16. Hisserdude

    Goliath beetle

    I think it's either short for serious, or he misspelled serious and autocorrect changed it to "serial".
  17. Hisserdude

    Goliath beetle

    Young larvae will need a rotten leaf/wood substrate, but after a few molts you can keep them on just coconut fiber, their main diet from there on consists of protein, dog food or live prey work well.
  18. Hisserdude

    Darkling pics at last

    Eusattus, yes. E.difficilis, possibly, I can't rule out all of the other species though, there are 4 I can not locate pictures of. Try getting some good dorsal shots and upload them to Bugguide.net, along with precise locality information. They may be able to ID it further for you!
  19. Hisserdude

    Customs and Millipedes

    It's illegal to import ANY live animal, (and even some dead ones) without permits in the US.
  20. Hisserdude

    Help with larval ID?

    NP! Alaus are very nice, their larvae look quite a bit more "grub-like" than most Elateridae larvae, and are quite fearsome looking! Cool, good luck rearing this one to maturity! If you are successful, and are able to get pictures of the adult, be sure to post them at Bugguide.net, there are several experts there who can probably get an ID for you, at least down to genus.
  21. Hisserdude

    Expected earnings for invert sellers

    Even if you just have a bunch of cheap stuff available, as long as there's a market for them, a lot of little orders add up. NP, happy to help!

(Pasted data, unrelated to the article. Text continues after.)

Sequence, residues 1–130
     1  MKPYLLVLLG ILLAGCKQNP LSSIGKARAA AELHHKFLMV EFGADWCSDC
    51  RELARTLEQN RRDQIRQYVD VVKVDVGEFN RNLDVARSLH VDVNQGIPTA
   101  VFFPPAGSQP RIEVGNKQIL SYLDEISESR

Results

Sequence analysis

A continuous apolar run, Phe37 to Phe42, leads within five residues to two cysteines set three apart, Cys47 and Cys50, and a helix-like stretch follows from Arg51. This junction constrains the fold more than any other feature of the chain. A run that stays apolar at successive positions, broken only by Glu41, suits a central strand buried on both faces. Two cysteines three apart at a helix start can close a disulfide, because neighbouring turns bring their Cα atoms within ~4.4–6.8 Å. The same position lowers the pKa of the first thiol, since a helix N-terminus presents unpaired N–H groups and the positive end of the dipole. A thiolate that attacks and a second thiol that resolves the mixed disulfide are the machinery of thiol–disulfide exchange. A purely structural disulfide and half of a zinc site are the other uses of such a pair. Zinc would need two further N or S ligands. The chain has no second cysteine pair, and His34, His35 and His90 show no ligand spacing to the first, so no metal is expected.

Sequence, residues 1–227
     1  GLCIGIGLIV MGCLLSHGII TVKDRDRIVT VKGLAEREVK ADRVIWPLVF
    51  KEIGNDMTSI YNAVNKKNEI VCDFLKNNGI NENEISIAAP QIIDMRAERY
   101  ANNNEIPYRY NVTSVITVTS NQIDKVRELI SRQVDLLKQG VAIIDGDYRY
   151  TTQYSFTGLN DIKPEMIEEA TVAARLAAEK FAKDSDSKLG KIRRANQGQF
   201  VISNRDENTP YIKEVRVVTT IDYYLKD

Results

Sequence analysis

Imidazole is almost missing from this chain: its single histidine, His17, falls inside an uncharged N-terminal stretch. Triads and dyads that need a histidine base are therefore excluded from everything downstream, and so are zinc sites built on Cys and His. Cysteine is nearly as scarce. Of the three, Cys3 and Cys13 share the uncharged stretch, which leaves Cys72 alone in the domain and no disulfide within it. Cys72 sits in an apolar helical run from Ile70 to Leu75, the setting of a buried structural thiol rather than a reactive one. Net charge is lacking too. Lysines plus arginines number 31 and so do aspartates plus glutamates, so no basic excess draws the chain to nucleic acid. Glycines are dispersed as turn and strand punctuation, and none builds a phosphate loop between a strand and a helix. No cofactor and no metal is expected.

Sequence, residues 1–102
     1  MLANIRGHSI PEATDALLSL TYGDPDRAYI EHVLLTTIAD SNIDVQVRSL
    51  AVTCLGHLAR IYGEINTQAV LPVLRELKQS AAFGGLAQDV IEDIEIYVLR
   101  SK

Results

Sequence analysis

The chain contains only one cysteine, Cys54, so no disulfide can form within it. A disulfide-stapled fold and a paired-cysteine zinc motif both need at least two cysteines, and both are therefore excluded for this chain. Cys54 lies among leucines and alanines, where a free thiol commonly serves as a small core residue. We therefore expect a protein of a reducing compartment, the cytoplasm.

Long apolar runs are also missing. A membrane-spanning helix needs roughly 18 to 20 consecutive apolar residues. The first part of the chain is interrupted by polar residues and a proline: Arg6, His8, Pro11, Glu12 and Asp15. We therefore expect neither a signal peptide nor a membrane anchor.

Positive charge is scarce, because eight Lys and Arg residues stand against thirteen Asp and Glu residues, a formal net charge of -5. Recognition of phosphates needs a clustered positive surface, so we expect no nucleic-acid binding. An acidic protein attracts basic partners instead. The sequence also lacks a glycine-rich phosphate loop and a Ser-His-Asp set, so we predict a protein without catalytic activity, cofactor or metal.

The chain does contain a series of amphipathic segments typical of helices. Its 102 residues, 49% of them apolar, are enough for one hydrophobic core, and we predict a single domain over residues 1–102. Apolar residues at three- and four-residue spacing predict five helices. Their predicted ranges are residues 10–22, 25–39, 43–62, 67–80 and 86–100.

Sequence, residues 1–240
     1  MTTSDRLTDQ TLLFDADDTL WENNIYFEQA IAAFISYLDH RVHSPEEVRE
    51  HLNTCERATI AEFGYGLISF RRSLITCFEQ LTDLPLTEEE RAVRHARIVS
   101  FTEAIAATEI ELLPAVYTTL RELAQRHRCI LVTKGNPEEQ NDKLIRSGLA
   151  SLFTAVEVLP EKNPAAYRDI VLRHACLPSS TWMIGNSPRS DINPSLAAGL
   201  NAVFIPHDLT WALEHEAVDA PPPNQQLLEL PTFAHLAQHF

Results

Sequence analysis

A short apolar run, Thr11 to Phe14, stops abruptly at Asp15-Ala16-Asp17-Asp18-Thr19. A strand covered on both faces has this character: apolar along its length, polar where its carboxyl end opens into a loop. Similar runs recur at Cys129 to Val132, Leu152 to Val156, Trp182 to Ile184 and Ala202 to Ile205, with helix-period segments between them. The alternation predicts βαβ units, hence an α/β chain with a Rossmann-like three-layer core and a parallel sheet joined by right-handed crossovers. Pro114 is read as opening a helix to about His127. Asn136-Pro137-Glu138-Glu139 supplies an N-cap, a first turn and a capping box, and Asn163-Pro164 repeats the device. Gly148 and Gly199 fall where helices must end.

22. Hisserdude

    Need help identifying larva!

    I think a couple of people have collected adults and tried to breed them, but none have succeeded in getting the females to oviposit... I'm not sure anyone's ever photographed a T.micans larva TBH.
  23. Hisserdude

    Expected earnings for invert sellers

    Well, it entirely depends upon what inverts you are selling, and how much inventory you have. I sell excess roaches I have, as well as isopods and some darkling beetles, in a good month I can make $100 or almost $200 from selling my inverts, it all depends upon what I have available, and if there's a high demand for what I have or not. Keep in mind, I sell stuff on the side, just whatever I have excess of. I'm sure the bigger sellers who actually put a lot of effort into creating a business make a lot more than I do.
  24. Hisserdude

    Help with larval ID?

    Elaterid larva for sure, they have heads that are a lot more square shaped than Tenebrionid heads. Beyond that, it's almost impossible to ID, you'd need to rear it first. It should be kept on some crushed rotten wood, and you can offer it dog food or something similar as a supplemental diet.
  25. Hisserdude

    Need help identifying larva!

    Definitely looks like Zenoa picea to me, it's not Meracantha contracta. It'll eat rotten wood, and that's about it. Adults have a very short lifespan and do not appear to eat.